The new elements now expanded beyond the bands, and were laid out in a "nine -spot" design with three elements each across the top, middle and bottom of the old Phase One pattern. The new elements could be squares, rectangles or diamonds, and in some later interpretations --especially during the Transition Period-- became so large that the original Phase One pattern of bands can barely be discerned. Some of these latter interpretations are sometimes referred to as "Chief's Variants."

Chief's Blankets of the Transition Period (1868-1890)

Chief's Blankets, especially in the Third Phase form most desired by collectors of that time, continued to be made past the Late Classic Period and into the Transition Period. The major differences being the substitution of aniline-dyed yarn for ravelled yarn, and the decrease in the use of indigo dye, being replaced by aniline purple-blue dye. While not as rare nor as costly as Late Classic period weavings, Transition Period Weavings -- whether in homespun yarn or Germantown trade yarn-- (today regularly sold at a fraction of the price of Classics), offer weavings over one hundred years old that capture much of the beauty of the earlier weaves and often greater complexity in both color and motif and often were woven by women who would have also been weaving during the Classic period.

"Chief's - Style" Rugs after 1890

The "Chief's Pattern", especially the Second and Third Phase pattern, continued to be used after the Transition period and is even found in modern "Revivals". These heavier pieces, more rug than blanket, each reflect the time period in which they are made. Third Phase Chief's rugs made prior to 1930 can in some instances maintain many of the blanket-like characteristics of the earlier weaves and can sometimes be quite sought after and collectible, often priced similarly to the best regional style rugs of the same size and period.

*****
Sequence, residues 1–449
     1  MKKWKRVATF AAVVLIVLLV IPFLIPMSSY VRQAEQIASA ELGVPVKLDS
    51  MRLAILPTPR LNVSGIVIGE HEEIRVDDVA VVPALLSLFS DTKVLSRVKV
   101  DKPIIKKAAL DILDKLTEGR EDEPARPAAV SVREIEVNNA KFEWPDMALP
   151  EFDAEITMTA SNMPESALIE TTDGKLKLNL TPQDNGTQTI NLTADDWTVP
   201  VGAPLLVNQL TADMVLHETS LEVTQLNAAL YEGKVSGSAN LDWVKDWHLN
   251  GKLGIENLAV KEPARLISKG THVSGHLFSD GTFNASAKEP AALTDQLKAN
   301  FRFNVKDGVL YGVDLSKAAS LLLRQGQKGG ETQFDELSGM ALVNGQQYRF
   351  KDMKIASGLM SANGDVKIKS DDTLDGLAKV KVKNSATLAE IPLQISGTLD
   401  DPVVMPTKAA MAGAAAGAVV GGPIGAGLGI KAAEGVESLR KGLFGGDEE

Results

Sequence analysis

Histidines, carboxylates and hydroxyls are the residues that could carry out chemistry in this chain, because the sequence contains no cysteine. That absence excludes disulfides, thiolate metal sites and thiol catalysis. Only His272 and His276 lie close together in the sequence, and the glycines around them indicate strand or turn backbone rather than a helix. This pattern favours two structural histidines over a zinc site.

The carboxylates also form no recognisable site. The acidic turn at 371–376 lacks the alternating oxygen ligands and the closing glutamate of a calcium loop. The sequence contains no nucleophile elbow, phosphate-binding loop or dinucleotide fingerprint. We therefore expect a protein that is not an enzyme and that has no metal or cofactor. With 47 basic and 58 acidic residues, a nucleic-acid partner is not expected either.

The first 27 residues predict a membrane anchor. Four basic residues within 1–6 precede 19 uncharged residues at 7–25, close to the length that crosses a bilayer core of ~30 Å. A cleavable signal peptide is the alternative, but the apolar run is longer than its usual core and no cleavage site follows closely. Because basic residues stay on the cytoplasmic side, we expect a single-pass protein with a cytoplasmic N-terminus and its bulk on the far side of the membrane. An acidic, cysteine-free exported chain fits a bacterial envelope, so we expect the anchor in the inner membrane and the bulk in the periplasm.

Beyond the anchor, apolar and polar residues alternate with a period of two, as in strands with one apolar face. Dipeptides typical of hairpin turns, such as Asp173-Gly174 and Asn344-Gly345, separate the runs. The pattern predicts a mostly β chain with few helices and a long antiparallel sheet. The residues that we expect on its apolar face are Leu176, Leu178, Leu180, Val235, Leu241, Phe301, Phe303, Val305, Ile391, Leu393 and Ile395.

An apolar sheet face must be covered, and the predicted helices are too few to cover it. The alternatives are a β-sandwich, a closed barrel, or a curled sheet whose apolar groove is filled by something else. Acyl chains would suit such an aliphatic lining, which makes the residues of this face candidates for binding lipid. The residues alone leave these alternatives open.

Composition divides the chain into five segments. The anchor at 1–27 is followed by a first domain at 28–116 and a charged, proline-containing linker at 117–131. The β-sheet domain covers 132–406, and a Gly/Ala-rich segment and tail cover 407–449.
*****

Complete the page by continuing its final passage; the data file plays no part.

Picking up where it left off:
After 1930, however, there is little intrinsic value to a rug having a "Chief's -influenced" pattern or design.



Navajo Germantown Chief's Blanket, Circa 1880. Third Ph green, dark purple, purple-blue.



Germantown yarn was imported by Santa Fe Railroad during a brief period at the end of the 19th century by early Navajo traders.

The colorful wool yarn was manufactured at the Germantown, Pennsylvania textile mills. It was a very tightly spun three ply (very rare 1865-1875) or four ply (1875-1895) yarn in a variety of bright colors produced from commercial aniline dyes.

 (*click for large image)

Navajo Germantown Trade Yarn Child's Blanket, circa 1890.  "Eyedazzler" style.

It was costly and less profitable for Navajo weavers to work with this yarn and often only the best weavers made the investment.

Relatively few Germantowns were woven, and large examples--over sampler size--are comparatively scarce. Unpopular in their own day as they were not sturdy enough to be used as floor rugs, nor warm enough to be a good blanket, Germantowns became very popular as wall hangings soon after they were no longer being made and have increased in popularity over the decades.

They are known for their unusually bright colors and intricate patterns which can create a variety of optical effects , especially in complex designs known as "eyedazzlers." Today they rank among the most popular and collectible of antique Navajo weavings.





 The diamond motif was the second "major" design element used with a very high degree of regularity by the Navajo in their weavings. (The first major element was the band -- which in both narrow or wide form was adapted from the Pueblo Indians who used the simple design on virtually all their early weavings. The Pueblo Indian men are believed to have taught the Navajo women to weave when both cultures were under the subjugation of Spanish rule in the 17th, 18th and early 19th centuries.)

The diamond motif was probably adapted from the diamond which was often used in the middle of the early Mexican saltillo serape. The Navajo and Mexican cultures both traded with each other and went on raids against each other; however Mexican weavers used a horizontal, open warp loom and Navajo used a vertical closed warp/continuous warp loom and so their weavings are easily distinguished from each other, especially by the cut off warpcords that form a fringe on Spanish loom weavings.